Briefly, the invention includes 4 main components: a rectilinear cage; a detachably integrated waste pan positioned on the bottom portion of the cage; a molded waste tray into which the combination cage and waste pan may be nested; and a dolly upon which the waste tray securely fits. The rectilinear cage has a movable rectilinear door section capable of being swung up and away from the cage to facilitate removal of the animal. The waste pan is spaced from the bottom wire of the cage by a rectilinear "L" bracket so that nesting material may be introduced into the waste pan and not unduly compressed. The waste pan portion is biased against the bottom portion of the cage by two side springs attached to the cage on opposite sides of the pan. Due to the proximity of the waste pan to the bottom cage wire mesh, the nesting material penetrates the bottom of the cage for the animal's use. The waste pan-cage combination is positioned within the waste tray in a nested manner. A continuous shoulder along the inside of the waste tray is dimensioned such that the waste pan-cage combination is securely supported by the shoulder when placed within the waste tray. The waste tray also has a downwardly curled upper lip so that railings along the upper portion of the dolly securely support the tray-pan-cage combination. During cleaning of the waste pan, the cage without the nesting material and pan may be placed within the waste tray while the waste pan is cleaned. The interior edges below the internal shoulder of the waste tray are smooth and gradually curved to facilitate cleaning.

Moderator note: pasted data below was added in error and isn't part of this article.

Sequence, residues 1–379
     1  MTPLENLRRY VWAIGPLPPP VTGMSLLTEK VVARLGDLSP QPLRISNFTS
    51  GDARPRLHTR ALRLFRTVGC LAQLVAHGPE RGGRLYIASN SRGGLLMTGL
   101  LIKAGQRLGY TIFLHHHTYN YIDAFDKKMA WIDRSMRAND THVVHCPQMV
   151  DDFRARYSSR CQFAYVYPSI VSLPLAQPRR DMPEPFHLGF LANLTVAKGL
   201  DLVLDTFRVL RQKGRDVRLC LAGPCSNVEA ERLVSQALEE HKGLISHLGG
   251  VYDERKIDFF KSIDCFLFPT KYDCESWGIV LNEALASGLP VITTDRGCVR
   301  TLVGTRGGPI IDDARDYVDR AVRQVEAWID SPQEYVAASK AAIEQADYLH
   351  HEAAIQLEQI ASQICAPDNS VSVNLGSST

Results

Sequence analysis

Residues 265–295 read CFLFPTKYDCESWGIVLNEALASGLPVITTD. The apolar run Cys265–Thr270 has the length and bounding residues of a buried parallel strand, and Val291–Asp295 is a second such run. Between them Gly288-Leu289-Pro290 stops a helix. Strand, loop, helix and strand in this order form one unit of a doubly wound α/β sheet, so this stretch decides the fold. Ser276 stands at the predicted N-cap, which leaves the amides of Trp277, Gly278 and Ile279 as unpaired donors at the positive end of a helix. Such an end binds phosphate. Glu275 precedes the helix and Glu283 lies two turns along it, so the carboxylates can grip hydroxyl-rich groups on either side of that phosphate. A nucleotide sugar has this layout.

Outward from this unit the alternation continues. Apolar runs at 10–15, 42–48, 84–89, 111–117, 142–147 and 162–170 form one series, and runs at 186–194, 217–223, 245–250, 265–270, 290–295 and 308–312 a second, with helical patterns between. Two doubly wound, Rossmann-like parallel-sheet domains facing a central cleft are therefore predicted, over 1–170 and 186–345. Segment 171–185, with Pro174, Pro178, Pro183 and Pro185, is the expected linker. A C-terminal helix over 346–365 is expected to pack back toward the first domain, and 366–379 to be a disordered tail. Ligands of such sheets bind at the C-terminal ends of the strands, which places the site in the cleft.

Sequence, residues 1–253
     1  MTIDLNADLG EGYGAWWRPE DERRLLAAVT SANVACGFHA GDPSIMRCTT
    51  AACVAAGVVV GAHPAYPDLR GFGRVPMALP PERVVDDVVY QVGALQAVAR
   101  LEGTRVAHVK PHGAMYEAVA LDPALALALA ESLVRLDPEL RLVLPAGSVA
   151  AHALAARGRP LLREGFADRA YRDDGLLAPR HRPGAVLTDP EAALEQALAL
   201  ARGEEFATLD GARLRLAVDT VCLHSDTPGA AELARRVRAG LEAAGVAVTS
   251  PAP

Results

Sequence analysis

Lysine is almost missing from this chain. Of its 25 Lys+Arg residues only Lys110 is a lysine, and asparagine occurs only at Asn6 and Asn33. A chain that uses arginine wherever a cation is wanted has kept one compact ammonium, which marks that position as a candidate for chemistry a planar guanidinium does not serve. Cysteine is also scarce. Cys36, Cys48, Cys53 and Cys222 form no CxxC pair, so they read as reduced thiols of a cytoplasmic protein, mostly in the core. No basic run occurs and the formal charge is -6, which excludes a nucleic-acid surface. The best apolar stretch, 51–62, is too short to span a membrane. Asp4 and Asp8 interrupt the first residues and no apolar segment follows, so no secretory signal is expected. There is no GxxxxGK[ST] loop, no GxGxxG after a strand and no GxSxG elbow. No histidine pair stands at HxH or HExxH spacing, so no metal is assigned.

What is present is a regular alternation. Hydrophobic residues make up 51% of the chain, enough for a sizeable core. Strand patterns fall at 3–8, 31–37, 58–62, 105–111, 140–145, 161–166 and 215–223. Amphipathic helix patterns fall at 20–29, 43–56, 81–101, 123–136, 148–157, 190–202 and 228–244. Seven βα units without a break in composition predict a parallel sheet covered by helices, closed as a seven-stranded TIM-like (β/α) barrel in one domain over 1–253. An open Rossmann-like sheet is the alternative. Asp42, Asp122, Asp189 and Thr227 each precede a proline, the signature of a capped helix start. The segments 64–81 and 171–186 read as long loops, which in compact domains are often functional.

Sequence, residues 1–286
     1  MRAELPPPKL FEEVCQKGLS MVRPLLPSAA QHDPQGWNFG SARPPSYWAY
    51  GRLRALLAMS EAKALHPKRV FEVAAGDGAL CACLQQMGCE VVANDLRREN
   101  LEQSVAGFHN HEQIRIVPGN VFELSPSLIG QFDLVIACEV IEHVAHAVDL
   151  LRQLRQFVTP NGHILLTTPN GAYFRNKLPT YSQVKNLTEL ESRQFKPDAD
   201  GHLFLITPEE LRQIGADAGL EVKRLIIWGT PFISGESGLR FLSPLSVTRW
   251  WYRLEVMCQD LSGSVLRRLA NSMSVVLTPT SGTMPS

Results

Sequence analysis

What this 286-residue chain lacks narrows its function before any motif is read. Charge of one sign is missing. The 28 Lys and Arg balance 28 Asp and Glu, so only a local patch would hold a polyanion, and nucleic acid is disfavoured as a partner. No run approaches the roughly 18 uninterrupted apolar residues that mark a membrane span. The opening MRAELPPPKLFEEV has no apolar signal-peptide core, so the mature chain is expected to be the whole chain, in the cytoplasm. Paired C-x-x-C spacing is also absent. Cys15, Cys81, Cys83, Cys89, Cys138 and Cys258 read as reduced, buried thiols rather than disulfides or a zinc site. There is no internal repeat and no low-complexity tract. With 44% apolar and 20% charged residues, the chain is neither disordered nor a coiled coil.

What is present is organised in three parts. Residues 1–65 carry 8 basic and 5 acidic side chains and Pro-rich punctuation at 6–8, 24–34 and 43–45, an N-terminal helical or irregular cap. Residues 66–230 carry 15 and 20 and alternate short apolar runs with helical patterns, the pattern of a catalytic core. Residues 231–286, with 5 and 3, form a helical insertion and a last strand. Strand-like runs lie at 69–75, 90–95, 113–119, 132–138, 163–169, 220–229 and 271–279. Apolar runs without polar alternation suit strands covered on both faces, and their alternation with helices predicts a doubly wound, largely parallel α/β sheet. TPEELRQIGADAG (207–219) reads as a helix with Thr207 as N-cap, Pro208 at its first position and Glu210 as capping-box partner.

Other features and objects and advantages of the present invention will become apparent from a reading of the following description as well as a study of the appended drawings.
A pet enclosure and waste tray system incorporating the features of the invention is depicted in the attached drawings which form a portion of the disclosure and wherein:
FIG. 1 an exploded perspective view of the components of the pet enclosure and waste tray system;
FIG. 2 is sectional view of the nested waste tray and pan with the cage in phantom;
FIG. 3 is an expanded perspective view of the waste tray depicting its interior features;
FIG. 4 is a perspective view of the movable rectilinear section on the cage in a closed and in an open position;
FIG. 5 is an environmental view of the assembled pet enclosure and waste tray; and,
FIG. 6 is perspective view in section of a second embodiment of the invention having an integral waste pan and tray.